Like many of you, I have been broken-hearted watching the news in recent weeks. The killing of George Floyd broke open wounds across our country from years of systemic racism. The pandemic crossed a somber milestone in the United States with over 100,000 deaths.
There is so much work to be done on so many fronts, and it’s easy to feel overwhelmed.
But, amid all the pain these past few weeks, I have also been inspired by people who continue to put good back into the world. People who are quietly stepping up to help. They are unsung heroes who are making things a little bit better. I met some of these heroes last week when I visited the Community Food Pantry in Edneyville.
When I pulled up to the Pantry, I immediately noticed the cars. A long line of vehicles snaked across the parking lot and up the hill across Highway 64. It was 2 p.m., and the weekly food distribution did not start for another half hour. Volunteer Norm Lyda told me that some people had arrived a full 3 hours early. All were waiting patiently to receive bags of meat, eggs, vegetables, and pantry items. For some, it was the only way their families were going to eat that night.
Back in March as the pandemic hit, United Way of Henderson County partnered with the Community Foundation to establish the COVID-19 Response Fund. The Fund is providing grants to local nonprofits like the Food Pantry in Edneyville, nonprofits that are working on the front lines to help people who have been impacted by the crisis. Through the generosity of many donors, the Fund has raised over $347,000 to date and has distributed almost $274,000 in grants to nonprofits providing food, rental assistance, shelter, diapers, supplies, and other services to people in need.
As I watched the cars pull up to receive bags of groceries, I thought about the way the COVID-19 crisis is affecting our community. I was reminded that we may all be in the same storm, but we are not in the same boat. Some of us are privileged to have boats that can ride out the storm with minimal damage. Others are finding themselves shipwrecked.
Those pulling up to receive food were of differing ages, genders, and races- an older woman wearing a house coat and slippers, a young Latina mother with a newborn, an older man with a walker, a large family with children, parents and grandparents all waiting in a van with a cracked windshield and a door that wouldn’t quite shut. Some had worried faces and tired eyes. But everyone seemed glad to receive fresh food and groceries.
“Thanks, Padre!” a middle aged man with a walker called to Father Richard Rowe, the Priest-in Charge at St. Paul’s Episcopal Church. The Community Food Pantry is a partnership between St. Paul’s and Fruitland Methodist Church. Father Rowe and a team of volunteers from both congregations were directing traffic, packing food bags, rolling carts of food outside so people did not have to come into the pantry, and loading up waiting vehicles with groceries. “Thanks so much, sweet pea!” A grey-haired woman in a battered pickup truck smiled at the volunteer who had just put food in her passenger seat. “God bless you!”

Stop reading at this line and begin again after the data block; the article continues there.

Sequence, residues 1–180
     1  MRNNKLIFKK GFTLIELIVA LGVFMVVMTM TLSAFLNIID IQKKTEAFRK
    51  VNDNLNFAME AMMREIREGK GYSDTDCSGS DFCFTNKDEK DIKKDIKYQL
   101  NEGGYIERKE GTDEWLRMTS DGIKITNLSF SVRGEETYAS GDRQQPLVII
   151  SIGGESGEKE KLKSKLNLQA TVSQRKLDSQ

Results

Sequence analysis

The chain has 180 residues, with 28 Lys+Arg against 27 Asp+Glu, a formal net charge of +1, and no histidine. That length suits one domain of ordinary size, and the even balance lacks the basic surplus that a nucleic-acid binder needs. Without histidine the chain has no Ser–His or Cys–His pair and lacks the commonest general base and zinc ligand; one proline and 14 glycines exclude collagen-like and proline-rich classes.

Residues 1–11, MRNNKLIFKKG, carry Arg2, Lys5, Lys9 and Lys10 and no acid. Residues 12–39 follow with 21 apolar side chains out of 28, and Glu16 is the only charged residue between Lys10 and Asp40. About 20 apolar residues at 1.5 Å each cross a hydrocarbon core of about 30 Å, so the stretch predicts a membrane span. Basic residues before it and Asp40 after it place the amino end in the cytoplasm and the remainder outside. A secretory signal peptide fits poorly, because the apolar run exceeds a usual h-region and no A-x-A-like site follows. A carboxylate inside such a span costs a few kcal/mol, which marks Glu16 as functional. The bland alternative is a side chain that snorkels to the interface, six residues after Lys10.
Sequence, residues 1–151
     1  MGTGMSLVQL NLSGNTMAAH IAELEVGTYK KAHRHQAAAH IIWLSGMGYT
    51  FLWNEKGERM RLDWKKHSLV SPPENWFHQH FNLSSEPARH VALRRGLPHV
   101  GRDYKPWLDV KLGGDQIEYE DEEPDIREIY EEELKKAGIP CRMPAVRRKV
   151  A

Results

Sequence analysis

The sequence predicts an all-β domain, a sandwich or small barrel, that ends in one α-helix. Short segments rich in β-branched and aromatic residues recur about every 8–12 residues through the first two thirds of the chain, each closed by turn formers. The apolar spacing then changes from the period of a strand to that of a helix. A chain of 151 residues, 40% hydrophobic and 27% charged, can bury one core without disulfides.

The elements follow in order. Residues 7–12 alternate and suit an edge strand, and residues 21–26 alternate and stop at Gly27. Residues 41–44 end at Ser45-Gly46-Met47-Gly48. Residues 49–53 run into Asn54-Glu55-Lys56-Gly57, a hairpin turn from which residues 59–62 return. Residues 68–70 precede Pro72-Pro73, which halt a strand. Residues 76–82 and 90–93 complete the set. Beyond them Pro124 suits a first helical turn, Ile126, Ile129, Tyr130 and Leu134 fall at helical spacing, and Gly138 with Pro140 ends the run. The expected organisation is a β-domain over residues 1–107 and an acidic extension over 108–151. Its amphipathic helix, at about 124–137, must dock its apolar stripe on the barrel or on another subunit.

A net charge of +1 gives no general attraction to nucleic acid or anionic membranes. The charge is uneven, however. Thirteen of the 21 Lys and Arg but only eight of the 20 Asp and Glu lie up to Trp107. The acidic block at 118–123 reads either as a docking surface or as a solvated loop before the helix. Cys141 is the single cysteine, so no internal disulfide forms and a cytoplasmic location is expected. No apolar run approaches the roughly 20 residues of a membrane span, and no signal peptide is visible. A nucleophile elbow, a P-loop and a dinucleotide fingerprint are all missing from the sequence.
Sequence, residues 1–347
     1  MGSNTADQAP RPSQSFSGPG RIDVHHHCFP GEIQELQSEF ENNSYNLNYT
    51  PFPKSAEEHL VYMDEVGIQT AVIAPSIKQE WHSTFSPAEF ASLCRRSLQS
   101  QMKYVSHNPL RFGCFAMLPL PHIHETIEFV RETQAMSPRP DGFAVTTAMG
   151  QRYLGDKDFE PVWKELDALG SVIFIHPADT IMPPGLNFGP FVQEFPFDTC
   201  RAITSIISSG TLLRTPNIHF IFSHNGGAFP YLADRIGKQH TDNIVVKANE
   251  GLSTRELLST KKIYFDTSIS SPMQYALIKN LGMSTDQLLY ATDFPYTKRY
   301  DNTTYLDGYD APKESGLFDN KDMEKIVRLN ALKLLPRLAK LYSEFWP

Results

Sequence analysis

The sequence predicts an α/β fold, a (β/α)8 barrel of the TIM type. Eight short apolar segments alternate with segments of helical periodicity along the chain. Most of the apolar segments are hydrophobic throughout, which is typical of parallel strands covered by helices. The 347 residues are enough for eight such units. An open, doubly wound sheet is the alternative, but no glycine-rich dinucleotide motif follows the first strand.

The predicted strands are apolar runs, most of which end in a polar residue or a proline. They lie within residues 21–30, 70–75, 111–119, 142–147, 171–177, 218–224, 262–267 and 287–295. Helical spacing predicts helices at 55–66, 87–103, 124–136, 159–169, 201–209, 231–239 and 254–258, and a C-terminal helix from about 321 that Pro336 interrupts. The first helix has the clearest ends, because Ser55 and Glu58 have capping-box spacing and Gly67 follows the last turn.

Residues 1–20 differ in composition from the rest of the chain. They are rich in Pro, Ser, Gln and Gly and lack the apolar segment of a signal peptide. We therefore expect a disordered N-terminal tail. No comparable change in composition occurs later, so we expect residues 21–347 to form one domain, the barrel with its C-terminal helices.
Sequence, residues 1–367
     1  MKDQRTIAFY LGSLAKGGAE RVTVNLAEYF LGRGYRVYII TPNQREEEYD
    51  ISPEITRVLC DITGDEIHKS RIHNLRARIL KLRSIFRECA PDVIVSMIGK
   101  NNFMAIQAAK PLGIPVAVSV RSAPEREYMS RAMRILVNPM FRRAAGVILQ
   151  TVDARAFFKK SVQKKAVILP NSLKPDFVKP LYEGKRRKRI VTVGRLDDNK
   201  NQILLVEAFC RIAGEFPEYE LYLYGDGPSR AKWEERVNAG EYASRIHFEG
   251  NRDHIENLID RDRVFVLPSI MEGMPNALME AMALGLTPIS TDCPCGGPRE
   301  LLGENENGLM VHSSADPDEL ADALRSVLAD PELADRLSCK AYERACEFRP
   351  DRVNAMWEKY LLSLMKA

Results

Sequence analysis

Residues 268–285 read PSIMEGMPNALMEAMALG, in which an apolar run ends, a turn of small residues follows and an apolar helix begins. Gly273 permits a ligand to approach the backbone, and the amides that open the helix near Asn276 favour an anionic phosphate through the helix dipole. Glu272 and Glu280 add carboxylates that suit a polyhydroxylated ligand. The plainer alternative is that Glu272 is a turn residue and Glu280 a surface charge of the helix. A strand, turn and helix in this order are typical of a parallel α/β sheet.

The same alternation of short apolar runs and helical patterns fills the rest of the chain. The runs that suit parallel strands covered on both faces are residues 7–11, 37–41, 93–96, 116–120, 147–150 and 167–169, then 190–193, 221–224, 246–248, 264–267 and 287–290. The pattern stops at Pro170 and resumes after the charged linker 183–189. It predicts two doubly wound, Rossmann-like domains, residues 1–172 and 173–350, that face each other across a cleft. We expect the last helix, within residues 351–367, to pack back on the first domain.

The Community Food Pantry in Edneyville is like many of other organizations that have stepped up to help during this crisis: they have been able to marshal the generosity of caring people in the community who want to do what they can to help their neighbors. George, an 84 year old volunteer directing traffic in the parking lot, said he wasn’t raised to sit home when there was something he could do to help others. “Fred, the Bread Man” drove up with a car full of rolls and sandwich bread. He volunteers at the Food Pantry run by St. Antony’s in Fletcher, and they had extra bread to share. A neighbor down the street told her two sons to bring over a large donation of juice. A local apple grower asked if they could use any apples when they were ready.
As I was pulling out of the parking lot, I saw a homeless man sitting on the sidewalk between the Food Pantry and the grocery store. Father Rowe had told me that this man comes most weeks to pick up some food items, but he can’t take much since he has no way to carry the food and no permanent place to stay. From my car window, I saw another man get out of a construction truck. He was heading into the store, but he paused when he saw the homeless man, reached in his pocket, and pulled out some folded bills. Then he smiled at the man, gave him some money, wished him a good day, and went inside. This gesture of kindness touched me to the core and seemed to sum up what I had just seen at the Food Pantry and witnessed at other places throughout the community.
These are sad and uncertain times, and we are all in the same storm. But we are not in the same boat. Thankfully, there are those who are willing to step out of their own ships to help others stay afloat. As the wise Fred Rogers once said, “When I was a boy and I would see scary things in the news, my mother would say to me, "Look for the helpers. You will always find people who are helping.”
Here in Henderson County, there are many helpers. We don’t have to look far.